Figure 5.12: Charge sharing 5.5.1 Solutions for charge sharing A weak P device (with a small W/L ratio) is added for the dynamic CMOS stage output, compensates for charge loss due to charge sharing and leakage at low frequency clock operation as shown in figure 5.13 (a), since weak P device is always on, the static power dissipation increases. Other way to realize this is to have a weak pMOS pull-up device in a feedback loop can be used to prevent the loss of output voltage level due to charge sharing is shown figure 5.13 (b), weak P device conducts only when the output of static gate goes low. i.e. when precharge node voltage is kept high.
Figure 5.13: A weak p device compensates for charge sharing.
Another possible solution for charge sharing is to use separate pMOS transistors to precharge-high all intermediate nodes in the nMOS transistors, as shown in figure 5.14.
Figure 5.14: Precharge-high all intermediate nodes of nMOS transistors Other solution is obtained by graded sizing of nMOS transistors in series structures, where the nMOS transistor closest to the output node has smallest (W/L) ratio and nMOS transistor closest to the ground has highest (W/L) ratio.
Synchronous systems use a clock to keep operations in sequence, this distinguishes from the previous or next and determine speed at which machine operates. Clock must be distributed to all the sequencing elements like flip-flops and latches and also distribute clock to other elements such as Domino circuits and memories. There are three requirements of the clocking system: • Signals must occur at the correct time • Clock must be able to drive the fan-out • Rise & fall times of the clock pulses must be as short as possible Long transition times not only slow the circuit but also increase power consumption. Clocks must be laid out such that the delays from the source of each clock to clocked bistable elements are identical. Clock signals switches between VDD and GND. Two-phase, nonoverlapping clocking has no timing errors due to races or hazards. Clock Skew – Absolute clock skew: difference in arrival of the edge of a clock phase at a destination in the circuit, with respect to the clock edge at the source of the clock signal. – Relative clock skew: difference in local clock lag.
Clock skew for rising and falling clock signals need not be same. Careful design of layout is required to avoid the skew problems. Set-up time, Hold time and Minimum pulse width are very important for the clocks. Clock delays can be treated as any bus delay problem; fastest clocking should be established using suitable super-buffers (clock drivers) to drive the clock bus, or by scaling the clock-driver loads by a factor 2.7. The bus must be kept as short as possible, and in metal as much as possible. 5.6.1 Clock Generation All clock signals can be derived from a system clock signal, which is a square-wave. Multiphase clocks can be generated from a single square-wave input with two toggle flipflops and two AND gates as shown in figure 5.15.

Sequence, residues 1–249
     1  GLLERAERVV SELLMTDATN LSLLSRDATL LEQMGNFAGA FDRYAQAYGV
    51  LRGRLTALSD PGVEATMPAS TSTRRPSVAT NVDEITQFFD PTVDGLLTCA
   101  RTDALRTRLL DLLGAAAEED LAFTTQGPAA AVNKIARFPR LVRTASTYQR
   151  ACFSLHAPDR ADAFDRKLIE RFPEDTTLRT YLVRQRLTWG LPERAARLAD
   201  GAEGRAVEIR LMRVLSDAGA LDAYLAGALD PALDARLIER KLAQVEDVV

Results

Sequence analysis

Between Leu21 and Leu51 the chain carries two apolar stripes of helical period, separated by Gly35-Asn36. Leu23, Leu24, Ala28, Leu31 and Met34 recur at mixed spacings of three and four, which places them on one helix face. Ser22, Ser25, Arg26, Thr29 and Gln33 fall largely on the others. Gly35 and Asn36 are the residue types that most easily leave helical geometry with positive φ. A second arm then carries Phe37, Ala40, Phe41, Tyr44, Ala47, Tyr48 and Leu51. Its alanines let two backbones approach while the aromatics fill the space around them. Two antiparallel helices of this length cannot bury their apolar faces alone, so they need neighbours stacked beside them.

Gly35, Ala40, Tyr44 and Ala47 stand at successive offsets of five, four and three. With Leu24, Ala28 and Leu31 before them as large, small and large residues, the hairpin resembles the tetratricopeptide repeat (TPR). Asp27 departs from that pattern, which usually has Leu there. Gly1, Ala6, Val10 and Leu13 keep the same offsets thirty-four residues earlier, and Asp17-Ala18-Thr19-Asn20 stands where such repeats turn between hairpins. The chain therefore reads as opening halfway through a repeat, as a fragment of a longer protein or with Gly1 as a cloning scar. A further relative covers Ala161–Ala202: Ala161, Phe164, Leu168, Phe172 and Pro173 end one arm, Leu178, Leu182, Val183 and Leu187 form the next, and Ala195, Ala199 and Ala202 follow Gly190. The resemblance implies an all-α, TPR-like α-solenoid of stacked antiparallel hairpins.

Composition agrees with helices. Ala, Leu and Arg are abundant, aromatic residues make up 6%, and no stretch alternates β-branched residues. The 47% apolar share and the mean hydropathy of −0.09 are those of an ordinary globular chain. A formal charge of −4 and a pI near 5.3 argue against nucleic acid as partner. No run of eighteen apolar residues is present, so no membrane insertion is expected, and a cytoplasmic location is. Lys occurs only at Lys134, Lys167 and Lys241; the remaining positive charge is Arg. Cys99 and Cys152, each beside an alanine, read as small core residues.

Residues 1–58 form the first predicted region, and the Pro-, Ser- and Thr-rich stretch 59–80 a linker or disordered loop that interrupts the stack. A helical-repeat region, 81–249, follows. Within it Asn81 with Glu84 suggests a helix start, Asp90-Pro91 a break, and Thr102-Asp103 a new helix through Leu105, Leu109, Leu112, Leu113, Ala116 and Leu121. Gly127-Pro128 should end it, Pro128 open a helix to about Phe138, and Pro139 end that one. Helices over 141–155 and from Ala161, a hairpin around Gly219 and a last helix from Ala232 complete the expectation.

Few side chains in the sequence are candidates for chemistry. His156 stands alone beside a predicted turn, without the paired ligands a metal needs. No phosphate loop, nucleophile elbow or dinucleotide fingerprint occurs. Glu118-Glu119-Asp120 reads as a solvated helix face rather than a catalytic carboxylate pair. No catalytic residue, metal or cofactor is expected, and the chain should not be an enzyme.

Figure 5.15: Generation of two-phase clocking from a primary clock Other way of generation is as shown in figure 5.16.
Figure 5.16: Non-overlapping clocks
On a small chip, the clock distribution network is just a wire and possibly an inverter for clkb. On practical chips, the RC delay of the wire resistance and gate load is very long. Variations in this delay cause clock to get to different elements at different times, called clock skew. Clock skew can be minimized by placing all gates of a tree on the same chip. Most chips use repeaters to buffer the clock and equalize the delay, reduce skew, as shown in figure 5.17. The physical layout of the clock network must conform to design rules that ensure the integrity of the clock signal by minimizing electrical coupling, switching currents, and impedance mismatches. Equalizing path delays also helps to reduce the skew.
Figure 5.17: H-tree.
The clock signals can cross under power lines using diffusion as shown in figure 5.18.
Figure 5.18: Clock-line crossing under a power line using diffusion
To reduce the clock skew, clock distribution network is required, which requires, plenty of metal wiring resources. Local Clock Gaters receives the global clock and produce the physical clocks required by clocked elements. Clock gaters are often used to stop or gate the clock to unused blocks of logic to save power. Different clock gaters are: – Enabled or Gated clock – Stretched clocks – Nonoverlapping clocks – Complementary clocks – Delayed, Pulsed clocks – Clock Doubler – Clock Buffer
Some of the clock gaters are as shown in figure 5.19, with output waveforms.
Figure 5.19: Examples of Clock gaters with output waveforms.
Clocked storage elements
A two-phase clocking scheme with combinational logic inserted between every pair of registers yields a simple pipelined structure. Feedback path added around a cascade of two combinational-logic blocks is shown in figure 5.20.
Figure 5.20: Feedback path around a cascade of two combinational-logic blocks